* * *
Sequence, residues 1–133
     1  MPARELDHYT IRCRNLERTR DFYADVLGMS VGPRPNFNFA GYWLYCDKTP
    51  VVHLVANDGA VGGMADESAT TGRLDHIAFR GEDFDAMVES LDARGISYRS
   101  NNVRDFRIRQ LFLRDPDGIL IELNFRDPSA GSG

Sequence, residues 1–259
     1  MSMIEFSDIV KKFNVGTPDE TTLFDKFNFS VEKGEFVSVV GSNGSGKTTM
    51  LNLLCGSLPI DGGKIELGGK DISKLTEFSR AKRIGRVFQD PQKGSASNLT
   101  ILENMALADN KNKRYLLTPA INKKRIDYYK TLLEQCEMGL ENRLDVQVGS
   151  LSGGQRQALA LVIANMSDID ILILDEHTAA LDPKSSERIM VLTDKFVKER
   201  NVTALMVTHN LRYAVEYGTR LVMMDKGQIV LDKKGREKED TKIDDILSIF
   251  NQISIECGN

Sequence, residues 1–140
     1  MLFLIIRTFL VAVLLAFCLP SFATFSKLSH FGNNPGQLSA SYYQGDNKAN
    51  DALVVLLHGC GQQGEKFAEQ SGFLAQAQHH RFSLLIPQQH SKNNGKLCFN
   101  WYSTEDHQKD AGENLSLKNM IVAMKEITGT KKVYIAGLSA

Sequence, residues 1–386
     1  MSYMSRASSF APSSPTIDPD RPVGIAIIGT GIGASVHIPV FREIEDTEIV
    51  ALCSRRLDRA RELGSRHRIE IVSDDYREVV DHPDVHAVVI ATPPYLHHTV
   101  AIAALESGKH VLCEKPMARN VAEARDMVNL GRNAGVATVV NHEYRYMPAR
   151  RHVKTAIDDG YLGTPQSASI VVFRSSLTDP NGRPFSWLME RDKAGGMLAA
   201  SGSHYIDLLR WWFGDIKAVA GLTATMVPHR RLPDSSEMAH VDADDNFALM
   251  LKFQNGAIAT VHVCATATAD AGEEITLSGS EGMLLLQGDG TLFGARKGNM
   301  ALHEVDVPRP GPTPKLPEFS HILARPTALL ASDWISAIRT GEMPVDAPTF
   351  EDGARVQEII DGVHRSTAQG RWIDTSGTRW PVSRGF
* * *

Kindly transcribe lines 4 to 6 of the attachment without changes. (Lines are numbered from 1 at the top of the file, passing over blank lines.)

   101  NNVRDFRIRQ LFLRDPDGIL IELNFRDPSA GSG

Sequence, residues 1–259
     1  MSMIEFSDIV KKFNVGTPDE TTLFDKFNFS VEKGEFVSVV GSNGSGKTTM